Foods that Keep you Up at Night
Studies show that my Italian parents who taught me to sleep with one eye open were wrong, we DO need uninterrupted and long restful sleep!
After reading the recent Time magazine article, The Power of Sleep by Alice Park, it reminded me of what I have been telling my clients for years and have lately fallen prey to: lack of sleep. Sleep has always fascinated me, much like Space does--what is it? what is it doing exactly? why does it take so long? What was its function in evolution and our health-didn't sleep make us more vulnerable to prey? Although another school of thought says our appearance of lifelessness during sleep makes us less vulnerable to prey. Will we eventually evolve to need less of it as we adapt to our busy lifestyles? I may be over thinking this. Needless to say, sleep is essential to our physical and mental health.
The article speaks of how the body takes sleepy time as a detox for the brain. Sleep lowers our risk of metabolic diseases and Alzeimer's disease. Studies have also shown that proper sleep (about 8 hours) increases our cognitive skills while the lack of it increases cortisol which promotes fat storage and lowers our emotional tolerance (which mean it makes us snippy, angry and less able to handle day to day stress.)
Biochemistry has taught us how hunger and satiety hormones are influenced by lack of sleep. Neural biology has taught us that the brain needs rest and not giving its due will lead to depression and anxiety as well. So what is our sleep malfunction? Well, as New Yorkers, we have convinced ourselves that the more hours we are awake the more functional we are, we feel the need to do everything and be everywhere and feel productive all the time--whatever that means! I would love to slow down-but only if you do first! My mother said I was born with ice in my pockets (it is cuter when she says it in Italian) and its her way of saying that I can't sit still--well apparently I can't sleep still either. So if you are like me, try these tips below:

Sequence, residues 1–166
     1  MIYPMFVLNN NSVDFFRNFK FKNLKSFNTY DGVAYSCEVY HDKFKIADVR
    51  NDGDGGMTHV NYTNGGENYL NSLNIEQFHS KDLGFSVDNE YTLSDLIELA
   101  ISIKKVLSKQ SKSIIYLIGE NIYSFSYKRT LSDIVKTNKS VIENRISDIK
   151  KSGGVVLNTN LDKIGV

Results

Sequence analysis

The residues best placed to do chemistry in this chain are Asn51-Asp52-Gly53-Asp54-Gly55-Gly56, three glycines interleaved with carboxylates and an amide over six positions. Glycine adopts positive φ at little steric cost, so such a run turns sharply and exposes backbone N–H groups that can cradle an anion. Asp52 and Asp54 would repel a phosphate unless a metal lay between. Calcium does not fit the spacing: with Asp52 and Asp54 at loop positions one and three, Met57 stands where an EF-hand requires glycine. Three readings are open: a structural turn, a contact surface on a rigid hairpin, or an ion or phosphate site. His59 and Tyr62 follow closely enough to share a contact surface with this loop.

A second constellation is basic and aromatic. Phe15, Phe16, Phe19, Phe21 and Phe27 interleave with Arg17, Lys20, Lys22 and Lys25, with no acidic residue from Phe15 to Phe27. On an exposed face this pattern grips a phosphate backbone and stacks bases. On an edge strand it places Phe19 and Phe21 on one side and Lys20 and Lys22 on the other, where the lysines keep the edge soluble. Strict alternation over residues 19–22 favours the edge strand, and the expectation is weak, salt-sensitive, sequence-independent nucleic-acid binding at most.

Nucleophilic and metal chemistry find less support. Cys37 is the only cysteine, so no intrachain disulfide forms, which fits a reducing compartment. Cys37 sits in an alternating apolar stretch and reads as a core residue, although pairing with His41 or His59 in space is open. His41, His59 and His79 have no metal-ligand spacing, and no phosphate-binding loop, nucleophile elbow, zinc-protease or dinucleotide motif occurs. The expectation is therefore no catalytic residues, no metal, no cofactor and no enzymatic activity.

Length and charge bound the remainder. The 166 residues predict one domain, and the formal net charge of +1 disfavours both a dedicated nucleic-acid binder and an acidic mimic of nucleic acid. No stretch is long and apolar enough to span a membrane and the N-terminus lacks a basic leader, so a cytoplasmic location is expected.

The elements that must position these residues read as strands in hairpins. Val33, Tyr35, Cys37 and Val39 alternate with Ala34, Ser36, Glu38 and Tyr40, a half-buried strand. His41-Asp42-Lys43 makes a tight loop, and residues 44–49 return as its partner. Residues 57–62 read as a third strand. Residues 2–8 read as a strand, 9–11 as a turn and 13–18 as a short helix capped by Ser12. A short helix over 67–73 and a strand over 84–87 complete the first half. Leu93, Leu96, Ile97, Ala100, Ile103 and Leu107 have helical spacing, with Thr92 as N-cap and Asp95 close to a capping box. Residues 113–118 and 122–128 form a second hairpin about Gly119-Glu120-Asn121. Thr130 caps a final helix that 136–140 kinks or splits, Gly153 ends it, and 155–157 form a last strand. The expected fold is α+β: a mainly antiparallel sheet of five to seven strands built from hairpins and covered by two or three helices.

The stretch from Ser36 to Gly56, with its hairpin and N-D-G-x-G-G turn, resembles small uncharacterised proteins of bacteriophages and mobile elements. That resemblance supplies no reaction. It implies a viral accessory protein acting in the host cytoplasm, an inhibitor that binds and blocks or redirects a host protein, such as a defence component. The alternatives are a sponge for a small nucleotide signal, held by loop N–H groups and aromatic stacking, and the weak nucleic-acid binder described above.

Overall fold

Here are the culprit that are aiding our lack of shut-eye:
Too many lights- when the sun goes down so should we! But we keep lights on (this throws off our Circadian rhythms), watch tv and look at our phones-so start dimming lights close to bedtime and get phones out of your room.
Working out too close to bed-if you can't get exercise during morning or day then shift your activity to a brisk walk only in the evening.
Alcohol is a depressant, it will put you to sleep but will wake you up in the middle of the night and cause a restless sleep
Caffeine takes up to 10 hours to metabolize out of your system-keep this in mind when you have you 4pm coffee fix.
Food and Sleep:
Don't go to bed hungry
If digestion keep you up--keep fibrous foods (vegetables-high fiber cereals) to a minimum before bed- in other words, you will fart yourself awake.
Drinking warm milk does work or you can have it cold-- it has tryptophan an amino acid also found in turkey- that has a sedative effect. All dairy works and as an added benefit, the calcium also regulates melatonin-a natural sleep aid.
Sugar keeps you up, so make your evening snacks high in lean protein: 1 slice cheese, turkey slices, yogurt, hardboiled eggs
Magnesium filled foods promote muscle relaxation so try a banana, avocado, almonds, pumpkin seeds.